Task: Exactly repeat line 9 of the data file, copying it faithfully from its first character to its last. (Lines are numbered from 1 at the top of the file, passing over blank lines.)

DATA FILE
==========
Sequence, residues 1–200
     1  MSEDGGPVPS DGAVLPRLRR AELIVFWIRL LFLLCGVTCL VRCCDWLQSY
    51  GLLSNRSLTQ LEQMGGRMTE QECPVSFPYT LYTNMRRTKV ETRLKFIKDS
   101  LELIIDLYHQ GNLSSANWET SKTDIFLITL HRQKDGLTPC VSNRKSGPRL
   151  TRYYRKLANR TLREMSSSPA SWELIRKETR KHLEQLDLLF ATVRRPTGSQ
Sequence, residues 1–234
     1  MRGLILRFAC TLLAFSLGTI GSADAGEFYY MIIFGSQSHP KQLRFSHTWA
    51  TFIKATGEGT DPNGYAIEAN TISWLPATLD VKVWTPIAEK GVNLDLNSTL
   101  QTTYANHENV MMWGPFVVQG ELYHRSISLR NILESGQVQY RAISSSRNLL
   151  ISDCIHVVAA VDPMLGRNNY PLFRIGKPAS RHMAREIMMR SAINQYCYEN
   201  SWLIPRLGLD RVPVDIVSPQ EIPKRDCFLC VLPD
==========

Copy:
   101  QTTYANHENV MMWGPFVVQG ELYHRSISLR NILESGQVQY RAISSSRNLL